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Tirzepatide Shows Significant Reduction in Liver Fat Content in Patients with T2D

The absolute reduction in LFC at week 52 was significantly greater for the pooled tirzepatide 10 mg and 15 mg groups versus the insulin degludec group.

Tirzepatide was associated with a significant reduction in liver fat content (LFC), volume of visceral adipose tissue (VAT), and abdominal subcutaneous adipose tissue (ASAT) in patients with type 2 diabetes (T2D), according to new findings.

Data was obtained from a subpopulation of the randomized, open-label, phase 3 SURPASS-3 study to characterize the changes in LFC, VAT, and ASAT in response to the study drug or insulin degludec.

“These data provide additional evidence on the metabolic effects of this novel GIP and GLP-1 receptor agonist,” wrote study author Ángel Rodríguez, MD, Lilly Spain.

The trial was performed at 45 medical research centers and hospitals across 8 countries, including Argentina, Austria, Greece, Hungary, Italy, Romania, Spain, and the USA. Eligibility criteria included:

  • baseline HbA1c 7.0 - 10.5% (53 - 91 mmol/mol)
  • BMI ≥25 kg/m2
  • stable weight
  • Insulin-naive
  • Treatment with metformin alone or in combination with SGLT2 inhibitor for ≥3 months before screening

As an addition to the main study inclusion criteria, those in the substudy had a fatty liver index of ≥60. In the main study, participants had a MRI scan and were randomized in the main study to subcutaneous injection once-weekly of tirzepatide 5 mg, 10 mg, or 15 mg, or subcutaneous injection once per day of titrated insulin degludec.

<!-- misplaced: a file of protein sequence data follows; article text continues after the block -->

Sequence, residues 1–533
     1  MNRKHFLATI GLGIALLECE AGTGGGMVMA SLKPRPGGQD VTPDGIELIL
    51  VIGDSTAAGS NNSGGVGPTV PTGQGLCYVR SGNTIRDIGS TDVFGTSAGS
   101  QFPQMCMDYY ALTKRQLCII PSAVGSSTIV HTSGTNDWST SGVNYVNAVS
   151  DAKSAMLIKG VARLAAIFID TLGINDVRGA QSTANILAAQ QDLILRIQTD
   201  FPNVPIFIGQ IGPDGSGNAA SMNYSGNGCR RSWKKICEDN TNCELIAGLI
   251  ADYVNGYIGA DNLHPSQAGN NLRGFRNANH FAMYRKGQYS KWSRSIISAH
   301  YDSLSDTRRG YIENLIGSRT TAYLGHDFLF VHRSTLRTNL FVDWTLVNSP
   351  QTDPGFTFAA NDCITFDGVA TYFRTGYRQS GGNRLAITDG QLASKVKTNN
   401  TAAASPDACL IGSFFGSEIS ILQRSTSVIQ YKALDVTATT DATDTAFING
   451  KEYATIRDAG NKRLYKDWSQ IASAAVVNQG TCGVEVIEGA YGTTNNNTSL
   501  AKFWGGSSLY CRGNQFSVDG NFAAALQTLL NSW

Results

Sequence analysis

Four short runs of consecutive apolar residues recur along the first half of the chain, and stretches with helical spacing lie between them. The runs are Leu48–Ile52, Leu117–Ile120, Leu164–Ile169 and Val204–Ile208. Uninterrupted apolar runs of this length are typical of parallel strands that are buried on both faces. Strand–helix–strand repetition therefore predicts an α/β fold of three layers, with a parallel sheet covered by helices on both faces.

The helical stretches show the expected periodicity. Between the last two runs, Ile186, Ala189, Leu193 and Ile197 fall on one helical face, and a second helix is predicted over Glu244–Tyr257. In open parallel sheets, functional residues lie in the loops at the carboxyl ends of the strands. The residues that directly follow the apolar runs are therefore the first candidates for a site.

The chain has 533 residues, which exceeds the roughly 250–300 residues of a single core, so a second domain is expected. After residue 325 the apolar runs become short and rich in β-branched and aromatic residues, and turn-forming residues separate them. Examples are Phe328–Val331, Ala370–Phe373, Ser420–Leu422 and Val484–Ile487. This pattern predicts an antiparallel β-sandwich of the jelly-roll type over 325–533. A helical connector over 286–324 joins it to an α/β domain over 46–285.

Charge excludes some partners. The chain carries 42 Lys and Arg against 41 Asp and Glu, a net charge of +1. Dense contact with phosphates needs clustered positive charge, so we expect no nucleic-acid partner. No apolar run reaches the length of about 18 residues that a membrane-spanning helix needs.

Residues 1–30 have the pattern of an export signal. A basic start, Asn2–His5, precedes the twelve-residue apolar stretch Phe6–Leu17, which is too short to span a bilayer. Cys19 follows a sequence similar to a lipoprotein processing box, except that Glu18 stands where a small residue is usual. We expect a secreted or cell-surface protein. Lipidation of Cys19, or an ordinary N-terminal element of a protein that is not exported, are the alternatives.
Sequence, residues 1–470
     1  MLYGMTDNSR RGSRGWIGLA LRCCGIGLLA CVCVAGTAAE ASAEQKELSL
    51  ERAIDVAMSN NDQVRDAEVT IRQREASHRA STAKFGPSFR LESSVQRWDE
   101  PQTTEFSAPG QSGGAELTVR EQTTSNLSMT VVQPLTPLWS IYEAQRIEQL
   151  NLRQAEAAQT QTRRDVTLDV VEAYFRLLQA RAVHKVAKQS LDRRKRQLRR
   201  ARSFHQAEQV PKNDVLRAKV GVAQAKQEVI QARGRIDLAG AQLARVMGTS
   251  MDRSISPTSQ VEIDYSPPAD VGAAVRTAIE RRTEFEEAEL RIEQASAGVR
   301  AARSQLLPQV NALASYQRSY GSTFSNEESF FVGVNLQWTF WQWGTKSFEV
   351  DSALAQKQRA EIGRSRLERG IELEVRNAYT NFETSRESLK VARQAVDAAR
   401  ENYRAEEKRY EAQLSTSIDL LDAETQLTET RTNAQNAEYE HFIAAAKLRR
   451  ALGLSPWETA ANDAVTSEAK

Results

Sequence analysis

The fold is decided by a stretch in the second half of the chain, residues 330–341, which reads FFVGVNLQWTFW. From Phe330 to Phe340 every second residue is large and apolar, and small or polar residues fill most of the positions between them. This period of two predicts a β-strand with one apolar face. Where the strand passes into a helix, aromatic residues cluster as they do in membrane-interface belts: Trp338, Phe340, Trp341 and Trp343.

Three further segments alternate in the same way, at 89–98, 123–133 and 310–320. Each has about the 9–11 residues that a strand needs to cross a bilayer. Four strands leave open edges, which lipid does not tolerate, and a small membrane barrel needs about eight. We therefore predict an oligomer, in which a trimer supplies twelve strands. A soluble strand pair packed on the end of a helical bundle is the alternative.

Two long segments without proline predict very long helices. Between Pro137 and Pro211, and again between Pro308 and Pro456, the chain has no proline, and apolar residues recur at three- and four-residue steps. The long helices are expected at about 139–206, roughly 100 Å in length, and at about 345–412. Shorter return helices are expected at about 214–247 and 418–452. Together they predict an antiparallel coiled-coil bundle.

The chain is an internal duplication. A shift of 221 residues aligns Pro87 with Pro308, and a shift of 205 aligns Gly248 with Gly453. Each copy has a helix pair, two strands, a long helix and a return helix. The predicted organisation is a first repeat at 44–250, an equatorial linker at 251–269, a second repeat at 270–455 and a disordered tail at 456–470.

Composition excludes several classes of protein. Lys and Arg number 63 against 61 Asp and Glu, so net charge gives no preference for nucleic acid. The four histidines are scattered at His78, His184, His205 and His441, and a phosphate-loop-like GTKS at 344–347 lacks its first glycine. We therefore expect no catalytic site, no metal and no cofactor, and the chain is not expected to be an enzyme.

These were stratified by country, HbA1c, and concomitant oral antihyperglycemic medication. A primary efficacy endpoint was identified as the change from baseline in LFC (measured by MRI-proton density fat fraction [MRI-PDFF]) at week 52 using pooled data from the tirzepatide 10 mg and 15 mg group, in comparison to insulin degludec.

Investigators noted the analyses were assessed in the enrolled MRI population, made up of patients in the modified intention-to-treat population of the main study who had a valid MRI at baseline or after baseline.

From April 2019 to November 2019, a total of 502 participants were assessed for inclusion, of which 296 (59%) were included in the enrolled MRI population and randomized to treatment (tirzepatide 5 mg, n = 71; tirzepatide 10 mg, n = 79; tirzepatide 15 mg, n = 72; and insulin degludec, n = 74). Both baseline and clinical characteristics were found to be similar across each treatment group.

At an overall mean baseline LFC of 15.71%, data show the absolute reduction in LFC at week 52 was significantly greater for the pooled tirzepatide 10 mg and 15 mg groups (-8.09%) versus the insulin degludec group (-3.38%). As such, the estimated treatment difference compared to insulin degludec was -4.71 (95% CI, -6.72 to -2.70; P <.0001).

Additionally, the reduction in LFC was found to be significantly correlated with baseline LFC (P = -0.71), reductions in VAT (P = .29), reduction in ASAT (P = .33), and reduction in body weight (P = .34) in the tirzepatide groups.

The study, “Effect of tirzepatide versus insulin degludec on liver fat content and abdominal adipose tissue in people with type 2 diabetes: (SURPASS-3 MRI),” was published in The Lancet Diabetes & Endocrinology.